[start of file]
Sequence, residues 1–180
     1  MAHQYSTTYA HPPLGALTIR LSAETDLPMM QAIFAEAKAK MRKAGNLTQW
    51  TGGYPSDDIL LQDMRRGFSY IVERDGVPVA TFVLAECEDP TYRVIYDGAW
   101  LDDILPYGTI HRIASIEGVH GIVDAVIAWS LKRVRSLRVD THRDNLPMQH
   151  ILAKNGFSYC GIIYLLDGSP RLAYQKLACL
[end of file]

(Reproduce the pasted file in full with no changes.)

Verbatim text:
Sequence, residues 1–180
     1  MAHQYSTTYA HPPLGALTIR LSAETDLPMM QAIFAEAKAK MRKAGNLTQW
    51  TGGYPSDDIL LQDMRRGFSY IVERDGVPVA TFVLAECEDP TYRVIYDGAW
   101  LDDILPYGTI HRIASIEGVH GIVDAVIAWS LKRVRSLRVD THRDNLPMQH
   151  ILAKNGFSYC GIIYLLDGSP RLAYQKLACL